Hints & Tips
Yes. It’s me again. I’ve been a little busy recently (weddings, parties, you know how it is) and suddenly realised I’ve not blogged for over a week. Yeeks! How you must have missed me and my in-depth gardening knowledge (fingers firmly crossed behind my back).
So, since it’s been a while, rather than spout off the usual arrant nonsense about my long-running love affair with prosecco and the vagaries of my lively, thriving and charming social life, I thought I might try and offer something vaguely useful. Well… sort of. I’m no Drew Hardy or Dick Roberts (though I am much prettier).
I noticed with interest that Drew the other day in his blog Bowled Out by the Rain but Rolling in the Isles mention his neighbours somewhat worryingly shaped hedge and it did get me thinking about what happens when wild abandonment, artistic freedom and an off-kilter imagination meet in the blades of a good quality hedgetrimmer.
In fact, that’s pretty much my starting point. Don’t try creating a Box Hedge Venus De Milo with Some blunt old thing that has lain in the back of the shed since the Christmas before last gathering rust and dust. It’s not is not going work. Your topiary will not come to life if you don’t keep your blades sharp and use a good tool. Like this one…
So. That’s my my Rule Number 1. Use A Good Hedgetrimmer. Simple innit? Now Drew’s neighbour may be slightly loopy, but at least he has an imagination. Is there anything worse than dull topiary? Sometimes imagination doesn’t take to the fore. I mean, there’s a lot you can do. Animals, people, exciting shapes, and then you get something like this…
Imagination running wild huh? So of course Rule Number 2 is Be Interesting. Give us a squirrel, a boxing match, Daenerys Targaryen setting loose a dragon on the evil Lannisters. Sugar lumps are not interesting shapes!
Of course, on the other end of the scale are shapes that really have no place in the garden. It takes skill, craft, patience and a good pair of double hedgetrimmers to make something you are really proud of. It takes the mind of a fourteen year old schoolboy sniggering behind a copy of NUTS to make something you should be slightly concerned about…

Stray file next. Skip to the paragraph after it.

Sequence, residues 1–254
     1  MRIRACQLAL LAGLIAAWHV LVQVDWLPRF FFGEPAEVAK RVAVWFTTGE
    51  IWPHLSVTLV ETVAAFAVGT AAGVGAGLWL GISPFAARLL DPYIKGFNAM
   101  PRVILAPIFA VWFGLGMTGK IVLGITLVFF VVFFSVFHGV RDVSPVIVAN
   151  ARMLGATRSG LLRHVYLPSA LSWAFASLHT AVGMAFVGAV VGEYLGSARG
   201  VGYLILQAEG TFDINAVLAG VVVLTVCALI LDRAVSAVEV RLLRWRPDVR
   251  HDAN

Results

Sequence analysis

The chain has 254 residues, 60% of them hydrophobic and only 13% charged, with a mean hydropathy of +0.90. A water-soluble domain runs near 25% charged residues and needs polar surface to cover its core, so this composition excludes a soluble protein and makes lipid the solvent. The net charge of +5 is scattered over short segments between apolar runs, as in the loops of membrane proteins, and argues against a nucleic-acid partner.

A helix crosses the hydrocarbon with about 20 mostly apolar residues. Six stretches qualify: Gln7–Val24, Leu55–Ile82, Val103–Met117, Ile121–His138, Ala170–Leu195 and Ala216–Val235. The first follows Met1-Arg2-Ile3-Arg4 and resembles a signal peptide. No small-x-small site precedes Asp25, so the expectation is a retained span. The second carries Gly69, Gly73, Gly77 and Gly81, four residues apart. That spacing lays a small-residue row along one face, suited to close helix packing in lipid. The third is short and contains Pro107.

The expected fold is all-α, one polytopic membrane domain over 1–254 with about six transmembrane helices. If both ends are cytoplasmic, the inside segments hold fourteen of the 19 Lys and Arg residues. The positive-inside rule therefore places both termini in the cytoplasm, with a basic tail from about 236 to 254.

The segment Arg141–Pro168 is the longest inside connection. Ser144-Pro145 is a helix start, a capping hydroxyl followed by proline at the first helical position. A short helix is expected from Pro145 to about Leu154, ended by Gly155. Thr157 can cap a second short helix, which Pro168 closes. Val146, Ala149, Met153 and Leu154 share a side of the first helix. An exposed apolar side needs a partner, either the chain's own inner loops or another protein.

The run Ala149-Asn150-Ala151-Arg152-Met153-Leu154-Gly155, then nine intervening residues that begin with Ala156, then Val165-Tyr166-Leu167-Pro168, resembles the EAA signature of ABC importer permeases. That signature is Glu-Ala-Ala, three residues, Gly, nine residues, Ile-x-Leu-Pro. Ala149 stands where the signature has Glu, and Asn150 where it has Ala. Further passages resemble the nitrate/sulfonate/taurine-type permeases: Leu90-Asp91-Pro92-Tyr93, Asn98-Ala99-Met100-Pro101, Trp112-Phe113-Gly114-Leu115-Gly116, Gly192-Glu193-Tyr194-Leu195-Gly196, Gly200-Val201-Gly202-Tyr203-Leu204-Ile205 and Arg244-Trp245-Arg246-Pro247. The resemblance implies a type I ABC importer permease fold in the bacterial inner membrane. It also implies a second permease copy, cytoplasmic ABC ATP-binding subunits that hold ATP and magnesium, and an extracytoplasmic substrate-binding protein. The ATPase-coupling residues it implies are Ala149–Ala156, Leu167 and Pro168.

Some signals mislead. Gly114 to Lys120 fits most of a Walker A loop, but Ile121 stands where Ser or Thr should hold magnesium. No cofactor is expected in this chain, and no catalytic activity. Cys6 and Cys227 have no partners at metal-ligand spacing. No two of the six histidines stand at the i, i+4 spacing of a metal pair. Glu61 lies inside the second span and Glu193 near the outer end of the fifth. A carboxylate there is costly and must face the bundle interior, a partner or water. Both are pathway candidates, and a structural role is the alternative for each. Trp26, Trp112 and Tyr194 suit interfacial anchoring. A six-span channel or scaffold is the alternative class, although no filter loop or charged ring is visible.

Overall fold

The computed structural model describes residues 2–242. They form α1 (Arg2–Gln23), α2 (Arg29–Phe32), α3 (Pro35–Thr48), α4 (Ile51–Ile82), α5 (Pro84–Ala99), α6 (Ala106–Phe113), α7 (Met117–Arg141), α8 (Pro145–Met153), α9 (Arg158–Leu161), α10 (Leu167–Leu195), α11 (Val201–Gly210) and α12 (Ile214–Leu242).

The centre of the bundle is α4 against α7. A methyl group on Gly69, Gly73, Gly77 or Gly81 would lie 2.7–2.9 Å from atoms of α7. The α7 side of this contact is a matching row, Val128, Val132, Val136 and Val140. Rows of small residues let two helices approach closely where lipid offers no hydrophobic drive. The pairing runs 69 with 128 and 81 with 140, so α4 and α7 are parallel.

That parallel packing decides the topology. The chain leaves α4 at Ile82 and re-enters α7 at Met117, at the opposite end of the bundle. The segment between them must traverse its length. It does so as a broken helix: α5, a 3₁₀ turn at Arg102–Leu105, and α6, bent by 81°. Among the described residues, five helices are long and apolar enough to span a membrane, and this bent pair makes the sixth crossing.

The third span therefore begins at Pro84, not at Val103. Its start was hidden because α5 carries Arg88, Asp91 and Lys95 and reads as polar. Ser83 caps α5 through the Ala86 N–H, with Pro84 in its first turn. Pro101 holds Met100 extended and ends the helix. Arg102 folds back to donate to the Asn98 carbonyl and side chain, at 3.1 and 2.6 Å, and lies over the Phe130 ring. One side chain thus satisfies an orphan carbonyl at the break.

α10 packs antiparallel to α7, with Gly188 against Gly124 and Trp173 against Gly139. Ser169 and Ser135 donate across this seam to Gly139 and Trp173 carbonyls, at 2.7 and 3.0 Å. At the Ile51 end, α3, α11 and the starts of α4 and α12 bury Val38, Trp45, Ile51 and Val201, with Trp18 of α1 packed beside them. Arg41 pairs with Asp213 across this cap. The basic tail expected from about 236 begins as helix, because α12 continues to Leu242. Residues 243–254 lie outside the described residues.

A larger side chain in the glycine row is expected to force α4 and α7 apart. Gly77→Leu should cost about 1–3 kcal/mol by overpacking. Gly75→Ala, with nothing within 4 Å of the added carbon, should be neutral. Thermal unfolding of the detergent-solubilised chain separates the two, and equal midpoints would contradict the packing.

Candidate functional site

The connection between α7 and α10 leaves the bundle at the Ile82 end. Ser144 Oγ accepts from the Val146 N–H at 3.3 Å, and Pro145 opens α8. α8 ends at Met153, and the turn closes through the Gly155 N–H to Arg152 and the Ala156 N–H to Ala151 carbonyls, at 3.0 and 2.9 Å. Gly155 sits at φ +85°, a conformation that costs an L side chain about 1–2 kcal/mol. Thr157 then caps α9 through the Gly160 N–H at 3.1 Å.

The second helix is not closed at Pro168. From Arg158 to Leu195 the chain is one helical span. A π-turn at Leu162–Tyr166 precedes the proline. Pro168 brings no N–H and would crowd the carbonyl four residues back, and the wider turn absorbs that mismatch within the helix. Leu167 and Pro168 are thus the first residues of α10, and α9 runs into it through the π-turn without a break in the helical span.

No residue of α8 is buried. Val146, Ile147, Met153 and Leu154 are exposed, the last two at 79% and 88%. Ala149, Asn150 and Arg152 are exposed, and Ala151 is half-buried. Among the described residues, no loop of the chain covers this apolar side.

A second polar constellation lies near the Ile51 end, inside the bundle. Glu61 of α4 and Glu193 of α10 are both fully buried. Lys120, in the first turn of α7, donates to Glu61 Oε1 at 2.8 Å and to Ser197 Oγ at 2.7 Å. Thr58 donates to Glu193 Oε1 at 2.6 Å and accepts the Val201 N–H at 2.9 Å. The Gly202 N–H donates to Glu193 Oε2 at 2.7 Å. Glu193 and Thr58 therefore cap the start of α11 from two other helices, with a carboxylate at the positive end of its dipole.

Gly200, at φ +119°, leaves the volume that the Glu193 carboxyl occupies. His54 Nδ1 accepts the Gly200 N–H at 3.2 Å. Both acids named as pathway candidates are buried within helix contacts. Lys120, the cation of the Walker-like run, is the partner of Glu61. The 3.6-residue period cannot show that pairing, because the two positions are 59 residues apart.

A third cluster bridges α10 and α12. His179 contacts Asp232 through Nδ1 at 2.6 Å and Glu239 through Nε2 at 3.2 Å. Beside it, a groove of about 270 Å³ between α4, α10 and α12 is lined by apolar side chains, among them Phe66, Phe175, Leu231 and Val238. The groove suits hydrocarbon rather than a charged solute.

Someone actually thought that was a good idea. Stylish house too. Drew’s neighbour no doubt carrying out more geurilla topiary. Don’t do it. You are a fully grown adult wielding a sharp, valuable and expressive garden tool. Make it count. Rule Number 3 . No Rude Shapes Please.
Now. When you really get going you can start thinking big. This next example is one of my favourite examples of topiaristic ambition. No squirrels and stags for this artist who may just have come back from a safari holiday…
Fabulous huh? So that’s my Rule Number 4. Be Ambitious. Show us what you can do, amaze us, amuse us take our breath away.
And finally, be appropriate to where you are. I mean. take the elephants above. They work because the scale is right, it’s a big space. Would a herd of elephants squashed behind the washing line in a suburban garden work? I think not. Choose your setting. A topiary fairy tale princess in a fairy tale theme park or a palace garden would be good, Peter Pan topiary would look good in Kensington Gardens. But who thought this was a good idea?
I’m all for representations of famous sweetmeats, and it might look great in some chocolate based theme park but this is out of place amongst the ruins of this lovely old castle. So. My Rule Number 5 is Choose the Right Shape for the Right Setting.
And that’s it from me this week. I hope this has amused you a little and made you think about your topiary skills. For more advice and information have a look at our hedgetrimmer pages here. There;s a great selection and loads of advice. Or look up our hedgetrimmer buying guides here, on MowHow. See ya. Holly.